Don’t Become Too Meta About EDM

We love electronic music. If you don’t love electronic music, then what are you doing here? Research? If so, go find a different article. You won’t find anything even slightly resembling education in any of my posts.

Back to the beginning: if you didn’t love electronic music, then chances are that you didn’t read that first sentence; because if you didn’t love electronic music, you wouldn’t be here.

Music does a lot for me. For many, music gives us a medium of expression and social interaction. Naturally, music becomes the center of a lot of our lives.


For many of us, music is way more than a hobby. For some of us, music is a profession, so it becomes a topic of discussion and analysis on a day-to-day basis. We talk about what’s going on within this quasi-hobby-profession: which artist is doing what, which direction the industry is taking, who made an ass of themselves this weekend, which genre the bandwagon is bumping this year, the ethics between going to festivals and going to a show down the street, “Go see this show because they use a fucking piccolo in the act,” “I can’t believe how much the stage at that festival looked not like a stage.”

Talking about every part of the music really lets us dissect the object of our inspiration and analyze it’s inner workings; similar to a medical student dissecting a cadaver, carefully inspecting each piece and figuring out how it works with everything else to make a whole.

In the same way a medical student can forget that what they’re cutting and removing once belonged to a living being that had hobbies and a pulse and was mostly comprised of water and didn’t reek of formaldehyde and probably did weird shit like eat their boogers or shit in their hand, in our own dissections of music we can forget that what we’re talking about is a work of art.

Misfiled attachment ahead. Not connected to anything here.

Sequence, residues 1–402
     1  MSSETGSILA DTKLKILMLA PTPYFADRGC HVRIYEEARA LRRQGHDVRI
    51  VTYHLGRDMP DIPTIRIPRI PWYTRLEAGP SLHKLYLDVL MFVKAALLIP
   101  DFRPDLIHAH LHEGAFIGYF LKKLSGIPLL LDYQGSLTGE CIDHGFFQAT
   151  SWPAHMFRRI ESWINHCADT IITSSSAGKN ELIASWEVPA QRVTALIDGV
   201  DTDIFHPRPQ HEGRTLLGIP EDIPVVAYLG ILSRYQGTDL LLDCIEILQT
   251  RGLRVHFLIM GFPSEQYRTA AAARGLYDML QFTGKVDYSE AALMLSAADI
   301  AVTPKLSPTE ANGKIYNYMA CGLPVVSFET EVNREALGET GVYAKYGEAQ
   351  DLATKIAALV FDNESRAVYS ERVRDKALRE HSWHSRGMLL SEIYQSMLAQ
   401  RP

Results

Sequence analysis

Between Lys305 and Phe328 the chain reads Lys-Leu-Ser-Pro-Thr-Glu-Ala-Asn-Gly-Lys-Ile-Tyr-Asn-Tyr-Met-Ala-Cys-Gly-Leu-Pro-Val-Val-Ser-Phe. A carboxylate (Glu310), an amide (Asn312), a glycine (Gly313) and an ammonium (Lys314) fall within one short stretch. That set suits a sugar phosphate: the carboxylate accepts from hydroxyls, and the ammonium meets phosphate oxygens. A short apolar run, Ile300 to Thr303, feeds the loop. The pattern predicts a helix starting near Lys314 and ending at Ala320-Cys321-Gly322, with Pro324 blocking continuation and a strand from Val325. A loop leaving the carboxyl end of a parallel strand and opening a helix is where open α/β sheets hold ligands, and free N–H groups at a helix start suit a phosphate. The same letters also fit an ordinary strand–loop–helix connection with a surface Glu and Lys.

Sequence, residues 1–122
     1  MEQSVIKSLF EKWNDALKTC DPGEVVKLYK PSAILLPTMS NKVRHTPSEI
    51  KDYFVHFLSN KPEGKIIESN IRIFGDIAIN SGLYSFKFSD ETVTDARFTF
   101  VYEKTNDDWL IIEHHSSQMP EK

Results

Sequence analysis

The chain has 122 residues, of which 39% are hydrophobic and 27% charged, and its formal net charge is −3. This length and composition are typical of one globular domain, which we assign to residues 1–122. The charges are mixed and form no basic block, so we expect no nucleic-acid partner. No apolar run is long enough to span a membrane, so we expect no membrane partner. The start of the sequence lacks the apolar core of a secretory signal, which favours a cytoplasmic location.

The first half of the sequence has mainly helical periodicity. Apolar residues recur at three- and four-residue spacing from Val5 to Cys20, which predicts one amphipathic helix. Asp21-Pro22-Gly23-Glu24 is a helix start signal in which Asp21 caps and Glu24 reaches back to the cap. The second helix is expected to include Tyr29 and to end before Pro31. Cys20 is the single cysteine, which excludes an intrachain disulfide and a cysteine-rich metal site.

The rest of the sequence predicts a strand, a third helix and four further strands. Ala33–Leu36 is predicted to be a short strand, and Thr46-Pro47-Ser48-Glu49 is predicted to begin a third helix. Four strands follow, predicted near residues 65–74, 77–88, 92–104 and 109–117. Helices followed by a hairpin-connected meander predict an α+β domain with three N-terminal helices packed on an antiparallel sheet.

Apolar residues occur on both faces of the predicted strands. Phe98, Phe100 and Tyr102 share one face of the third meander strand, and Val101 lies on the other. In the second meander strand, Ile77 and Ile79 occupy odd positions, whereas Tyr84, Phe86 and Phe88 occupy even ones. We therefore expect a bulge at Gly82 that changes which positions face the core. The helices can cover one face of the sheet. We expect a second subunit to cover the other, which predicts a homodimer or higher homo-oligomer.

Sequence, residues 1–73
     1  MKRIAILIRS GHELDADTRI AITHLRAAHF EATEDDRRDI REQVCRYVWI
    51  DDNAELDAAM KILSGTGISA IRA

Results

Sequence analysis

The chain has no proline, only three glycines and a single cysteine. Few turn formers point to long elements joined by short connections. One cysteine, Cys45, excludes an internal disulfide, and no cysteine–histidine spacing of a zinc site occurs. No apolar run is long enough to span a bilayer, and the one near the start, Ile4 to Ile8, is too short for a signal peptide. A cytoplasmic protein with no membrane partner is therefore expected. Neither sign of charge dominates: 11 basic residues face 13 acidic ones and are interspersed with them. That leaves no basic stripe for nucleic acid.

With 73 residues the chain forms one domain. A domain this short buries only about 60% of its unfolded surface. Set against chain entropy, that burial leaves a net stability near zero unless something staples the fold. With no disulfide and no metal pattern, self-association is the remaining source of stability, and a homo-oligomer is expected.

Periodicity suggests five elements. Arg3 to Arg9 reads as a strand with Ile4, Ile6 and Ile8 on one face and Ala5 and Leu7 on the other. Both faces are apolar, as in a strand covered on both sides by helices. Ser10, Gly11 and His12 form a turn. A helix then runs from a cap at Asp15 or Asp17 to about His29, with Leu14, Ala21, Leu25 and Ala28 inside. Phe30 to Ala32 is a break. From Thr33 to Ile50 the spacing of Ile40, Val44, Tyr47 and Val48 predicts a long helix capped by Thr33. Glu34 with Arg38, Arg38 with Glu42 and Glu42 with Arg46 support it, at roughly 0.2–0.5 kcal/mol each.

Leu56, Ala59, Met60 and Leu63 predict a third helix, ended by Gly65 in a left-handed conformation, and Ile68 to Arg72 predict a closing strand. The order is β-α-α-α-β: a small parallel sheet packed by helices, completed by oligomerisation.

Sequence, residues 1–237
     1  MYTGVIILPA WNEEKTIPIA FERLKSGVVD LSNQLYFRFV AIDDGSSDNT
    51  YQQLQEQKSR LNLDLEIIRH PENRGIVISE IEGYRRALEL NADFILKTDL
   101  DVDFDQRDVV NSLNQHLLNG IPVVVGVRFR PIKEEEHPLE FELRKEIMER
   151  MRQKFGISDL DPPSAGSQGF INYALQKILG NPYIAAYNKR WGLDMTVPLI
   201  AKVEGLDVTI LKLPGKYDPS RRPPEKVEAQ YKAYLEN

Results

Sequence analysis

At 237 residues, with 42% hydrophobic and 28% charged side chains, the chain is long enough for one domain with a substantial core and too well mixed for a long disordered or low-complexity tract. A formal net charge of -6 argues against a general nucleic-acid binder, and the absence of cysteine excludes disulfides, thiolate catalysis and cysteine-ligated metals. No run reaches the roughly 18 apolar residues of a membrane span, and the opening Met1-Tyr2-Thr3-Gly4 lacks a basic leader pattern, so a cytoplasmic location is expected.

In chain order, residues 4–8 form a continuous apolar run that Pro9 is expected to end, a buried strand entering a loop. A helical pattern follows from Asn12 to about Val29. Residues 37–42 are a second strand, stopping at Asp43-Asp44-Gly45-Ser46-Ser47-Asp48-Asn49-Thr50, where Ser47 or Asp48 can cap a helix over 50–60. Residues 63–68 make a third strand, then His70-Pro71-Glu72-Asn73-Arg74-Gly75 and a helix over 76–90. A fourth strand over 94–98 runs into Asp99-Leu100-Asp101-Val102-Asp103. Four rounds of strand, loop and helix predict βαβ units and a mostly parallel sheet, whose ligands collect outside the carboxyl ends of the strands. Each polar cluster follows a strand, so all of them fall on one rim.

The song or album or performance is, hopefully, something that the artist poured out their heart and soul to express. Whether or not we like it is our own opinion, and we’re free to express that in turn. Let’s not forget why it is that we listen to the music in the first place though. Which is hopefully because we thoroughly and honestly enjoy it.

Don’t Become Too Meta About EDM

If we forget why it is we begin to critique something, it can become hard to give it an honest chance. Instead, we find ourselves thinking things along the line of paragraph four.

It can be hard to realize, especially when you live around, listen to, and work around the music for so much of your day-to-day life, how much you actually still enjoy doing it. Then again, I may be the only one with this problem.

Every once in a while it’s good to take a step back from your own life and analyze what it is that you do and why it is that you even do it. Sometimes you’ll come back feeling refreshed and with a new perspective. Sometimes, you don’t.


Colin Rinehart

Colin Rinehart

Colin Rinehart hails from Dallas, Texas and currently attends Texas State University in San Marcos. He's big into Glitch Hop, Trap and anything that catches his ear. Colin strives to find the best music coming out of the Austin/San Antonio area and bring it to your home sound system via Only The Beat.
Colin Rinehart
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